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The Social Origins of Language

By Daniel Dor

Presents a new theoretical framework for the origins of human language and sets key issues in language evolution in their wider context within biological and cultural evolution


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Preposition Placement in English: A Usage-Based Approach

By Thomas Hoffmann

This is the first study that empirically investigates preposition placement across all clause types. The study compares first-language (British English) and second-language (Kenyan English) data and will therefore appeal to readers interested in world Englishes. Over 100 authentic corpus examples are discussed in the text, which will appeal to those who want to see 'real data'


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Free access to several Brill linguistics journals, such as Journal of Jewish Languages, Language Dynamics and Change, and Brill’s Annual of Afroasiatic Languages and Linguistics.


Academic Paper


Title: Reconsidering the syntax of non-canonical negative inversion
Author: Jessica White-Sustaita
Institution: University of Texas at Austin
Linguistic Field: Syntax
Subject Language: English
Abstract: Two main hypotheses have been proposed to account for the word order of negative inversion (NI) in varieties of non-canonical English (e.g. Don't nobody else care). An auxiliary inversion analysis argues that the word order is derived via movement of the auxiliary to the left periphery, whereas an existential analysis argues that the word order is an artifact of deletion of the expletive subject, paralleling there-insertion existential constructions. After reviewing these hypotheses, I provide empirical evidence that neither of these theories adequately explains the peculiarities of NI. I advance a third hypothesis, namely that NI is the result of negative movement to the specifier of NegP, and that this movement is pragmatically motivated by an existential meaning in NI constructions. Syntactically, NI is made possible through the Neg-Criterion (Haegeman & Zanuttini 1991, 1996). This analysis explains problems encountered by prior analyses, and offers a unified analysis for variation in NI across dialects. Finally, I explain cross-dialectal differences in NI by considering the relationship between subject requirements and agreement.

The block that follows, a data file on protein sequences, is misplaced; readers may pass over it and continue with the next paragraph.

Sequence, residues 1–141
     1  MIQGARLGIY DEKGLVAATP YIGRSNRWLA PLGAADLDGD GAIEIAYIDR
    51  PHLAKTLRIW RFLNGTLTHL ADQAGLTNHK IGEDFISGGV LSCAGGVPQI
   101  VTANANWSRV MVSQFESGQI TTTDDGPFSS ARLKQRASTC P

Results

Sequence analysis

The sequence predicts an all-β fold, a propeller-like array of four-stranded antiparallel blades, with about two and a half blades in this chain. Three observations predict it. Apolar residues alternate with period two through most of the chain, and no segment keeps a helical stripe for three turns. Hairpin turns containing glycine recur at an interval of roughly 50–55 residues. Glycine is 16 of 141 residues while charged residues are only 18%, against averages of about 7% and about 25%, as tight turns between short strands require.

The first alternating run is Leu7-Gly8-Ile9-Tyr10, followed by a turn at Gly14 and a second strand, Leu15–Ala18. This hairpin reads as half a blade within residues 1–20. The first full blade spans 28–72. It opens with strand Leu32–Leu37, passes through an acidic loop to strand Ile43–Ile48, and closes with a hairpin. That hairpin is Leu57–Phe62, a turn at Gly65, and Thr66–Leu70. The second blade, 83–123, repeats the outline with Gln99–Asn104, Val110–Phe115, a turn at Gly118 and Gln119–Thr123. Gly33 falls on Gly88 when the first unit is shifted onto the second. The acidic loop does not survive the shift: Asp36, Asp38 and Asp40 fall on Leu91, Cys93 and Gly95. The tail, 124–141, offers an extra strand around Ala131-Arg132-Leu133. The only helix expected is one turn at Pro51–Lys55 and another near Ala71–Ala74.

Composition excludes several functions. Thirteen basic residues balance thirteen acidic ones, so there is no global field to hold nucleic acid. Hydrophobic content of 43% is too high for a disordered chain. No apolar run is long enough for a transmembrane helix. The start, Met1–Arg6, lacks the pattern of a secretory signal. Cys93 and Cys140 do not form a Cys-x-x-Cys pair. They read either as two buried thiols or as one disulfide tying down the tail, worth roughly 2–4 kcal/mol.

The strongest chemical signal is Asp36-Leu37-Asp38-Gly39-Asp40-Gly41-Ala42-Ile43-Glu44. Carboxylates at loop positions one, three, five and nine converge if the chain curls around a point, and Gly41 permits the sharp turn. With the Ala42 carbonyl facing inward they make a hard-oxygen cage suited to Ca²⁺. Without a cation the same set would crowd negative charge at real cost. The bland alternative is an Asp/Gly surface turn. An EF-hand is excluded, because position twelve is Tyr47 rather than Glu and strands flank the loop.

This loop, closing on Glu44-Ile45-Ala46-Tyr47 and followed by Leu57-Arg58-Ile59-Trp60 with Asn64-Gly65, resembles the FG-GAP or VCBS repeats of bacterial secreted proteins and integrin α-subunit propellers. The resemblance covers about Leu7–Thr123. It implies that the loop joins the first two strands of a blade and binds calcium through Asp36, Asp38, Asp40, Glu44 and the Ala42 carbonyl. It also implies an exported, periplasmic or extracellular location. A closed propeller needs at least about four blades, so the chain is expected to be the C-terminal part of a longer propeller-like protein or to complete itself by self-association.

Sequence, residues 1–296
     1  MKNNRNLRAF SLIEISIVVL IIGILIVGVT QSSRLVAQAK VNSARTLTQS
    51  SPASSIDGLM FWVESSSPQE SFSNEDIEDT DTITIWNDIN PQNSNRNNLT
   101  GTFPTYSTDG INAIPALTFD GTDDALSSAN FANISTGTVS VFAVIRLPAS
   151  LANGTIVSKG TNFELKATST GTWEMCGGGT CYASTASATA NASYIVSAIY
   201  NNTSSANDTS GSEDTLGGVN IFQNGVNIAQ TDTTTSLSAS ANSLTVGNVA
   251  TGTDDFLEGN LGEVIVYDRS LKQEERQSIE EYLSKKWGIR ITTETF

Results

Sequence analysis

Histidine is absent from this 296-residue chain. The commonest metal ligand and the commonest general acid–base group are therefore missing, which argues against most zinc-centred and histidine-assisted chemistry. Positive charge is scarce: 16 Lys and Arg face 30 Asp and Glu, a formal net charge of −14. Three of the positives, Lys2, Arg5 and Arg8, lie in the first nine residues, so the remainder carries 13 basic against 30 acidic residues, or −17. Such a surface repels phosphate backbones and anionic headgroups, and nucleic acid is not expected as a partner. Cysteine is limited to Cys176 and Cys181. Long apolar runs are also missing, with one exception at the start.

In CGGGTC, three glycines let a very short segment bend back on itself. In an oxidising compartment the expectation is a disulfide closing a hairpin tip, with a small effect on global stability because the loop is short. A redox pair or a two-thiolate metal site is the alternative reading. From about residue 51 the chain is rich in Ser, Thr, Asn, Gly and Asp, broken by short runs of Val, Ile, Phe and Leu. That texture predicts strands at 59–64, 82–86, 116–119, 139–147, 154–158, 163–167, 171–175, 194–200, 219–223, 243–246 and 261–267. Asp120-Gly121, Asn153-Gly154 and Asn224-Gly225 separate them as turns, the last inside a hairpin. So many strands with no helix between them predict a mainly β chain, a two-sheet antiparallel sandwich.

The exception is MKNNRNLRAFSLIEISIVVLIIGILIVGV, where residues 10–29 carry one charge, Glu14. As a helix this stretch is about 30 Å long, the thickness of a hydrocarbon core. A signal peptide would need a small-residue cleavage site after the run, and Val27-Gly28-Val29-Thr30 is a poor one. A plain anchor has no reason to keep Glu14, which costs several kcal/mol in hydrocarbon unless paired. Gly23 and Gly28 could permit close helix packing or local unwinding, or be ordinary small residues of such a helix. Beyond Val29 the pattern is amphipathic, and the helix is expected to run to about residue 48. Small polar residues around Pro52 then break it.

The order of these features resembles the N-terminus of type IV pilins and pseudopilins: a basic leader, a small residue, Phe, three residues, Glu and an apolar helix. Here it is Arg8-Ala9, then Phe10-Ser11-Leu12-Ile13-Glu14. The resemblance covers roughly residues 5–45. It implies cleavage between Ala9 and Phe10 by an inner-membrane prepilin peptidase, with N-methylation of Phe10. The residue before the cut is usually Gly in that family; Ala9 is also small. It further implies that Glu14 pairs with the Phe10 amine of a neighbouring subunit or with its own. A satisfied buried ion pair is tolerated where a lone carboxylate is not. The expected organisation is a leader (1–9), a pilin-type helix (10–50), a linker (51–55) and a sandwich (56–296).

CUP at LINGUIST

This article appears in English Language and Linguistics Vol. 14, Issue 3, which you can read on Cambridge's site or on LINGUIST .



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